Going down the throw-over pannier route is something a lot of us on a budget do. There’s nothing wrong with them. When you’ve reached your destination, being able to dump them while you go scratching, is all bonus. However, it’s really easy even for high mileage veterans to mess up. If two things don’t play well together, it’s hot exhausts and soft luggage.
Rider Induced Mishaps
A friend of mine who has made plenty of long-range trips decided to go the soft luggage route. Having been around the block a few times, he mounts and secures them making sure they cleared the exhaust.
Except he forgot to take into account that he wasn’t sitting on the bike! With his not so inconsiderable weight compressing the suspension, the result was a fist-sized burn hole. By the time he arrived at his destination, the items of clothing in the right pannier were smoldering nicely.
So far we’ve looked at rider-induced mishaps. However, even when everything is as it should be, bike-gremlins can still attack the best of us. I’ve seen Allen screws in handlebar assemblies drop out on the roads of Holland. And, new clutch cables break five minutes after being fitted in Florida. Properly adjusted spokes snapping while trickling through the outskirts of Prague. Don’t even get me started on electrical problems.
Beware The Gremlins
Ok, we all know gremlins don’t exist! However, in the heat of the moment when you’re invariably in the middle of nowhere and something inexplicable breaks, it’s an entirely feasible explanation.
In the cold light of day, the detailed analysis generally reveals the real culprit. In this case, the problem is the wrong routing of the clutch cable. Plus, the failure of the spokes caused by a fitter stripping the threads on a couple of the inside rim nipples. The real key to surviving whatever the road throws at you is all about what you do to adapt and overcome.
When my right side handlebar assembly complete with brake and throttle slid straight off the bar during a slow right turn, leaving me with one screw I was forced to do exactly that. For reasons best known only to the Dutch, the only shop open was an office stationer. With only one screw holding it on. And no way of preventing the assembly from turning on the bar. I bought a small rubber wedge and using a brick, hammered it in place.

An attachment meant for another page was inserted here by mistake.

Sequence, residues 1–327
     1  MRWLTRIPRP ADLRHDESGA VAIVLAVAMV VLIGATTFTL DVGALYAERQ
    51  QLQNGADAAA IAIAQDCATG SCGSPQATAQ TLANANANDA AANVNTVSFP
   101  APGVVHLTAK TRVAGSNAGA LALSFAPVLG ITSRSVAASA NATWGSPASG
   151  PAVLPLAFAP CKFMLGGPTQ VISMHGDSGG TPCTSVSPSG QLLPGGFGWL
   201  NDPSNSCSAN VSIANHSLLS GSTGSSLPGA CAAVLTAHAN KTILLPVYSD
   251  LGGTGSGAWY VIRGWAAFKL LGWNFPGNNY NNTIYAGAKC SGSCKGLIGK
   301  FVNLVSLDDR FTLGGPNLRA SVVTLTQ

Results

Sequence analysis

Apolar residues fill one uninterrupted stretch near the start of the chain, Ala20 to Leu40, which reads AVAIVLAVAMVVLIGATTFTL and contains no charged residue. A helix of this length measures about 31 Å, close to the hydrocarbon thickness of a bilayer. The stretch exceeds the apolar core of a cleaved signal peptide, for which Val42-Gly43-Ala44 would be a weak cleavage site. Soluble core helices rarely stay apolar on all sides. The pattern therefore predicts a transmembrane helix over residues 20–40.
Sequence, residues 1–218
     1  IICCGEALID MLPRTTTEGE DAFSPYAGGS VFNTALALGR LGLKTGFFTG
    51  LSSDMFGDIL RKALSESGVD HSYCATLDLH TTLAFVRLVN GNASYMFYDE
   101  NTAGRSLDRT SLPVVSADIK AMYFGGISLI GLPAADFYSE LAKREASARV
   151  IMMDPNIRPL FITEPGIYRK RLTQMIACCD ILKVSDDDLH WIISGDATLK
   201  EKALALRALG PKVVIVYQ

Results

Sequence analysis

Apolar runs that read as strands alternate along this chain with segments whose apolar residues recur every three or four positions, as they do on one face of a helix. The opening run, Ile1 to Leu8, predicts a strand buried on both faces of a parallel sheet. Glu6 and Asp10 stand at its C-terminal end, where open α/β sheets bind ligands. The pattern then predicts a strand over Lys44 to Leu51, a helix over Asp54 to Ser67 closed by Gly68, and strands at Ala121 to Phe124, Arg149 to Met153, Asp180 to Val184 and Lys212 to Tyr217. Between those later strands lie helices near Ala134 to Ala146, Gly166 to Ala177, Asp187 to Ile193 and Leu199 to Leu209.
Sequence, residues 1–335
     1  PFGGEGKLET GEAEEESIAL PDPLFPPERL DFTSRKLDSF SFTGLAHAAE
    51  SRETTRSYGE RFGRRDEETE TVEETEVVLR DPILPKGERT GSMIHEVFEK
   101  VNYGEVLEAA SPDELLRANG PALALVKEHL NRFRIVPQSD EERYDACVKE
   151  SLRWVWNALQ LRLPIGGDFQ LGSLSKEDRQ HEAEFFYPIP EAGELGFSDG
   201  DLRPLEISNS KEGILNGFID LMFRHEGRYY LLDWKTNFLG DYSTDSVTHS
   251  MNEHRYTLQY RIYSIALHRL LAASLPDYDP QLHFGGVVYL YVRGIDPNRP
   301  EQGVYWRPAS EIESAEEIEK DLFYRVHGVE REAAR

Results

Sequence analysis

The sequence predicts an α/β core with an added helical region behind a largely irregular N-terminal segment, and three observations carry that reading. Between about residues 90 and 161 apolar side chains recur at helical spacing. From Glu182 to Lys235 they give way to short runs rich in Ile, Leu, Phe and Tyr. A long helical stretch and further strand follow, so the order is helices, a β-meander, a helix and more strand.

Similarly, the broken spokes were fixed by welding a toolkit tire iron between the rim and hub. Not very pretty, but this fix lasted almost 500 miles. As for the clutch cable, a pair of vice grips took care of pulling away from a standstill, and crunchy, clutchless gear changes did the rest.
Plan, Plan, Plan
As mentioned earlier, any road trip benefits from pre-planning, and it’s possible to overcome even local breakdowns with a multi-tool stash under the seat. You can, however, reduce potential problems by thinking things through at the planning stage.
If you’re stowing a lot of luggage, pack it in a logical order. I.e., don’t put waterproofs or a multi-tool at the bottom of your bag. Also, make sure the load is secure to prevent it slipping or moving around. Last but not least, when adding hard or soft luggage for the first time, make sure it isn’t going to make contact with moving or hot parts. This fact is especially important when you are sitting on the two wheeler motorcycle.
Having a rough estimate of how many miles you’re going to do is a good idea to prevent going over a service interval. However, avoid any major engine work without going through a pre-trip shakedown.
The same goes for new accessories such as handlebars, exhausts or seats. New bars can alter vibration frequency, causing screws on handlebar controls to undo. While new pipes may seem ok, after a few miles, they can throw out your fuel/air mixture.
New seats on the other hand, apart from being massively uncomfortable until they bed in, can also have different contact points with the frame. These can rub through wiring and cause all number of mysterious electrical failures.
Onyabike Adventures Tip: If all of the above sounds a little daunting for your first solo voyage, then maybe consider an organised tour. A tour will allow you to enjoy the adventure with the back-up and problem solving left to the organisers, while you learn the ropes.
A reputable tour company will also invariably provide bikes that are capable of the trip and come complete with tried and tested luggage and rack systems.
Onyabike Adventures answers the question ‘what could possibly go wrong?’ When it comes to a two wheeler motorcycle and touring though, the real answer is all down to preparation and of course, a healthy serving of creative problem-solving.